Automatically Signing A User In With Firebase iOS

This tutorial will look at a nice way to handle user sign in with Firebase. More specifically – automatically sign them in on a device they have previously logged in on. For example, we don’t want to present a login screen each time the user opens the app. If they have logged in previously, then the app should probably do this automatically (perhaps with the exception of something like a banking app).

This isn’t going to deal with the ins and outs of using Firebase Authentication. There is a separate tutorial on that here (coming soon).

The first thing I’m going to say right at the start is…We do not need to store anything about the users login details in User Defaults, the Keychain or anywhere else. Firebase takes llre of saving an authenticated user for us. 

Secondly, this is only a way of doing it. As always there are lots of ways, but I’m using this particular setup in a current project and it’s working very nicely thus far. So lets discuss the setup.

Overview

The first view controller of our app is called AppContainerViewController. This will always be the first view controller of our application, regardless of whether or not a user has signed in. This view controller will then display the relevant view controller. This will either be a LoginViewController or (for this example) MainViewController, but this could be whatever it needs to be for your particular application.

The brains of the setup is another class called AppManager. This will be a singleton that will figure out which view controller to display. It will also be responsible for signing out a user and returning them to the login screen (via the AppContainerViewController). The nice thing about this setup is you can call this logout for anywhere inside your app and it will work just fine.

Lets get started!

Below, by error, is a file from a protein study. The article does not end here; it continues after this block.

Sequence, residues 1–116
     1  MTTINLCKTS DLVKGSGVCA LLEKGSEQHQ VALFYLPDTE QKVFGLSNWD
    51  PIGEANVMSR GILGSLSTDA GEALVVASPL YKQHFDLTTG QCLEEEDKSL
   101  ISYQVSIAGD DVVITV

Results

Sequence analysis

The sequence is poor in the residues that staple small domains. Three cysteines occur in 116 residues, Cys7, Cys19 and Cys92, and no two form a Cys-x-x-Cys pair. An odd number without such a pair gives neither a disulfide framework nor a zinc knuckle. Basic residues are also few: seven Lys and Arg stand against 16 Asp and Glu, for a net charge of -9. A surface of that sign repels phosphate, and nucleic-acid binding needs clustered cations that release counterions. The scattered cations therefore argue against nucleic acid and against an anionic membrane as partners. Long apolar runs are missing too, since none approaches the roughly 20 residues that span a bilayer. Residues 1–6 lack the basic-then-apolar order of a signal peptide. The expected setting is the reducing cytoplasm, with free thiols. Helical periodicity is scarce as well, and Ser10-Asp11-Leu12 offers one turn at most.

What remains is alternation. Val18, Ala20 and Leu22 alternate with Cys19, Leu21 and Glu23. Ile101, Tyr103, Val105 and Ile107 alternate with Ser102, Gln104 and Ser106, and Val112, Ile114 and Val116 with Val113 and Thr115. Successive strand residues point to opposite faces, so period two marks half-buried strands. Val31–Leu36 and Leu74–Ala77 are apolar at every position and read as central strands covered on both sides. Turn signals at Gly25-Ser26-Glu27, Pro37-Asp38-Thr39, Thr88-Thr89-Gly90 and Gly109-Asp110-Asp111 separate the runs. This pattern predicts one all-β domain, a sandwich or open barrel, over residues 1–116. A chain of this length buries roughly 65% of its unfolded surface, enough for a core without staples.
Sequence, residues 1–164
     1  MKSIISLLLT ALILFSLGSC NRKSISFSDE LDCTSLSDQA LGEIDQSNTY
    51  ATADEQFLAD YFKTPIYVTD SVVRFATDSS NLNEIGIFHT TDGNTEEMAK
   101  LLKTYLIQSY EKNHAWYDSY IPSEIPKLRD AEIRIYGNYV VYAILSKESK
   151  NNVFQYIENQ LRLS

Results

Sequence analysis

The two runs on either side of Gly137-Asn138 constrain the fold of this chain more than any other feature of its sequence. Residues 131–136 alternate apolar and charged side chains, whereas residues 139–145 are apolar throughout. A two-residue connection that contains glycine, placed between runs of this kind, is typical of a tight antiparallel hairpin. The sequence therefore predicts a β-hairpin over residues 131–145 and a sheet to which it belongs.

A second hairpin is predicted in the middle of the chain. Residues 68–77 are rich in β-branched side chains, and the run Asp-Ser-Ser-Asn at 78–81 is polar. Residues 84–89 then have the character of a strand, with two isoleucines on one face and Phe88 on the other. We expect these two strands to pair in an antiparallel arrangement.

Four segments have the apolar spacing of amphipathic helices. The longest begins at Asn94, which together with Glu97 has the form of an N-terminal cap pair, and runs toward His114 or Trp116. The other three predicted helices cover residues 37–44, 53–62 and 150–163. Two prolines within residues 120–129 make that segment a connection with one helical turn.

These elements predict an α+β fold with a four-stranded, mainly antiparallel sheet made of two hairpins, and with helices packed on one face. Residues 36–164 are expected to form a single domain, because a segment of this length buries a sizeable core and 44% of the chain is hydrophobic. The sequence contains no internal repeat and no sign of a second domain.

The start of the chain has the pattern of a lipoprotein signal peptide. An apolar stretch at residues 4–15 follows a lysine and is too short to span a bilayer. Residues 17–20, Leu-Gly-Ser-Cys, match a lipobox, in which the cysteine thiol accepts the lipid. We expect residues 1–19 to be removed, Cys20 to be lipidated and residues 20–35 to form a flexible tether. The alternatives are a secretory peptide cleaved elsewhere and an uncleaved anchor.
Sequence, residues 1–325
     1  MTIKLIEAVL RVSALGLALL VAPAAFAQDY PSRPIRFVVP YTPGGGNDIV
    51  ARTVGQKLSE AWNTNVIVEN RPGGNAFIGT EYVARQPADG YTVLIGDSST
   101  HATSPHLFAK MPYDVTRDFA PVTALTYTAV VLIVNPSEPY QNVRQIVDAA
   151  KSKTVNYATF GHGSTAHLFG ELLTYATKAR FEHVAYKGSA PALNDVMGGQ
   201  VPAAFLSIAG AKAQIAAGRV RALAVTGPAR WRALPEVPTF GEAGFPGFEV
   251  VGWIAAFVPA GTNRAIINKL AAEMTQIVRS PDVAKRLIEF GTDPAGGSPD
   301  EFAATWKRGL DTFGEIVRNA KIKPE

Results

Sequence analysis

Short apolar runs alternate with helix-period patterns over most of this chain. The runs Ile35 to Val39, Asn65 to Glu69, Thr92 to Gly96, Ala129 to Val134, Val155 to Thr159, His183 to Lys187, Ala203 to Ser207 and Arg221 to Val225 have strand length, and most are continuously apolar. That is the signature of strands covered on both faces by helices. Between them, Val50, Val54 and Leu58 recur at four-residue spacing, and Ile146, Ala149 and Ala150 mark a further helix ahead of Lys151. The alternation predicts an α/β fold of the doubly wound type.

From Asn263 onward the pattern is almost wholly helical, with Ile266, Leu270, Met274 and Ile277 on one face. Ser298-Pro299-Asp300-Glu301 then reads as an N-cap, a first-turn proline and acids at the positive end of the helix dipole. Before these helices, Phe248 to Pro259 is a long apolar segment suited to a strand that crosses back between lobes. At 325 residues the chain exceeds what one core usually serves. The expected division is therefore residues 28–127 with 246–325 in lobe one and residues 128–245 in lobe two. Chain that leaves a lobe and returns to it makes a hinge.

The AppManager Class

Create a new swift file and call it ‘AppManager’. This is going to be a singleton. Without going into singleton classes too much, the main thing here is that the initialiser should be private, and the class itself should have a shared instance of itself. Paste the following into your new file, overwriting everything that was there.

The shared instance of the object is the only way we can interact with it’s methods and properties. By marking the init as private, we can’t access it from anywhere else in our app. If you tried to create an instance of this AppManager object from your view controller for example, you’d see the following error: AppManager’ initializer is inaccessible due to ‘private’ protection level.

To use this object our code will look like this: AppManager.shared.someMethod()

If you have some experience with iOS then this might look familiar to you. The AppDelegate, NotificationCenter and UserDefaults are just some of the common objects that Apple choose to setup in a similar way.

This object is going to have just two methods, and importantly hold a reference to the AppContainerViewController we talked about earlier. Go ahead and add the following inside the class, we’ll flesh them out in a little while.

The AppContainerViewController

Head over the the ViewController class that came with your project and rename the class to AppContainerViewController. This class is very simple, replace everything in the file with the following:

Yep, that’s the whole class.

You’ll also need to go and add the appContainer property to your AppManager class. Add the following line under the private init:

A few important things are happening here.

  • We’re making use of the viewDidAppear method not viewDidLoad. We want the AppManagers showApp method to be called every time it appears, not just when it loads.
  • We’re setting the appContainer property of your AppManager to the instance of the AppContainerViewController by passing in self.
  • Finally you’re calling the AppManagers showApp method. This is the method that will be responsible for showing the relevant view controller. Lets go and flesh out that method now.

AppManager’s showApp Method

Heading back to the AppManager class, fill in the showApp method so it looks like the following:

This is the part of the code that actually does the check. We call the Auth component of Firebase and ask for the currentUser property. This optional property is nil if no user has previously logged in or if the Auth signout method has been called. From the docs:

“Synchronously gets the cached current user, or null if there is none.”

Now we can make a decision about what view controller should be presented. In this case we’re using the instantiateViewController(withIdentifier: ) method. You’ll need to head over to your storyboard and give identifiers to the relevant view controllers. “LoginViewController” to the view controller that a user can login with and “MainViewController” to the view controller that will be the main part of your application.

Logging Out

Replace your AppManagers logout method with the following:

The first line simply signs the user out from Firebase. The second line is where the nice flexibility comes from with this setup. You can call AppManager.shared.logout() from anywhere in your application. Everything should slide out and then the login screen will be presented. Nice! :]